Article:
Why Moana Hope is so much more than an AFLW star

Woman sitting with leg up on white background.

Peter Hanlon

Posted January 31, 2019

The AFLW’s Moana Hope in her own words.

I’m not against make-up, I’ve just never worn it. If you’re using me it’s because I’m me, leave it that way. One photo shoot I did I asked them to keep it natural, and they pulled out fake eyelashes. I’ve never seen someone on the footy field with fake eyelashes.

Growing up we couldn’t afford Nike – we could barely afford food or clothes. I used to draw swooshes on things that Mum got me from the op shop. I do love getting dressed up now – going to the Brownlow was pretty awesome, getting measured for a suit, having fancy shoes and getting your hair done. But I’m still most comfortable in trackies.

I’m about 20 kilos lighter than when I went back to playing footy with St Kilda Sharks before the AFLW started, and I feel great. But I teach my little sister Vinnie, who is special needs (Vinnie has Moebius syndrome), that we don’t use the S-word – we don’t say “skinny” in our household. I don’t feel like the prettiest woman in the world because I lost weight, I just feel I can compete better as an athlete.

Playing footy at AFLW level, a lot of stuff happens that people don’t see. I was depressed. I would finish training and I’d cry for hours. Not being able to sleep, not being able to perform, I nearly got to the point of questioning, “Is it worth putting myself through this?” The only thing I can do is change things. I changed who I wanted to play for, and I wanted to be happy when I played.

Bella (Mo’s partner Isabella Carlstrom) didn’t know who I was when we met, she’d been living in India for four years modelling. I was at a bar at a birthday, and she had no idea why I had a little gathering around me. When we went to the Brownlow Medal last year and were referred to as “friends”, Bell got on social media and added in “girl”. I think we broke the internet that night. I still fan-girl the (AFL) guys – I love being in the same room as Paddy Dangerfield and Dusty Martin, but it was pretty cool that us being there together opened that conversation of saying, “she’s at the Brownlow with her partner and that’s okay”.

A lot of things upset me that are not working. I heard a sleep expert at a university say our economy is bad because we don’t sleep well enough. They’d asked politicians for a $20 million grant to look into sleeping so we can fix the economy. Then I go through the city and see homeless people. I watch clips about people beating up elderly people in nursing homes. I see kids that are stuck in the system who don’t have families and have been neglected and need a home. I’m thinking, “Why aren’t we taking that $20 million and putting it into that?”

Whenever I post something about (my sister) Vinnie on social media I feel like the pageant mum – people just go nuts. It’s beautiful. People tell me it’s pretty awesome what I do for her, but the thing is what Vinnie does for me. I don’t see it like I’m her carer, she’s my best friend. People label her as disabled, but she’s the most normal person I know. She learns basic life skills at school. I picked her up one day and she said, “I’ve gotta tell you something you can’t tell anyone.” I thought she must have stolen something, which she’s never done! She was like, “Under our skin, we have a skeleton! But don’t tell anyone!” The smallest things make her so happy.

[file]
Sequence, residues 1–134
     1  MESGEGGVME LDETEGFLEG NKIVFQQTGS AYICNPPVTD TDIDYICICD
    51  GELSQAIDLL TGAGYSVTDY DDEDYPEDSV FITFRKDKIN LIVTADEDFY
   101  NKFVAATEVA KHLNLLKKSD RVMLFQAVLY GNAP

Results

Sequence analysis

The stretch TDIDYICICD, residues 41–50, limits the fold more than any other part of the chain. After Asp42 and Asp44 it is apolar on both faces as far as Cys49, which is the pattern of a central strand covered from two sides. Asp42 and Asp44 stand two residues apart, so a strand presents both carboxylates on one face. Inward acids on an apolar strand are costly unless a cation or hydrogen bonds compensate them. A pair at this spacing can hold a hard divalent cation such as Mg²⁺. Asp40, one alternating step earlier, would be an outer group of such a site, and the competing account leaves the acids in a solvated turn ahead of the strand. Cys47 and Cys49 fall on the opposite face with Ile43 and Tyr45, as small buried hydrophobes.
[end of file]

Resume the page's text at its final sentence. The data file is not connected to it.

I still run a traffic management business with about 90 people working for me. Our Christmas party last year was a room full of misfits, and I’ve hired them all. People who were rejected from job after job. I’ve got a 70-year-old man who nobody would hire, and he’s my best worker. I’ve got a single mum with six kids who works her backside off – nine til three, so she can be there for her kids. Everyone who works for me has a story.

When we have a child – boy or girl, doesn’t matter as long as they’re healthy and happy – I joke to Bell that hopefully the first one is a girl and by the time she’s 18, AFLW will be professional and she’ll be making a lot of money. And Bell’s like, “She can be whatever she wants.” And I say, “Yep, she sure can.”  

Female footballers sit together for a group team photo.

After the second World War, women's football teams were sponsored by the VFL, but support quickly diminished. Photo: The Leader


Women first played football in Victoria just weeks before the Great War ended in the spring of 1918. Cheered on by a packed grandstand, the employees of a Ballarat textiles firm defeated their South Melbourne counterparts, raising £320 for the town’s Arch of Victory. 

One-off women’s charity matches subsequently took place in dozens of locations across the state, but the infrastructure to ensure the games became part of the football landscape was lacking. In 1933, teenager Myra ‘Mitzy’ MacKenzie represented her beloved Carlton when they played the women from Richmond’s Bryant & May factory at Princes Park. Nine days later, she was thrilled to watch the match in a cinema on a Movie-Tone newsreel. 

After World War II, women’s teams sponsored by Victorian Football League clubs competed in a round-robin series that generated funds for the Red Cross. But over the decades, support for women’s football lagged.

In 1981, an ongoing competition for women was formed, the Victorian Women’s Football League, an initiative driven by the players themselves. In September 2016, the AFL Women’s was formed; the first season kicking off in February 2017.

Associate professor Rob Hess, Victoria University

Pictured above: Carlton Ladies Football Team, 1933. Photo: The Leader.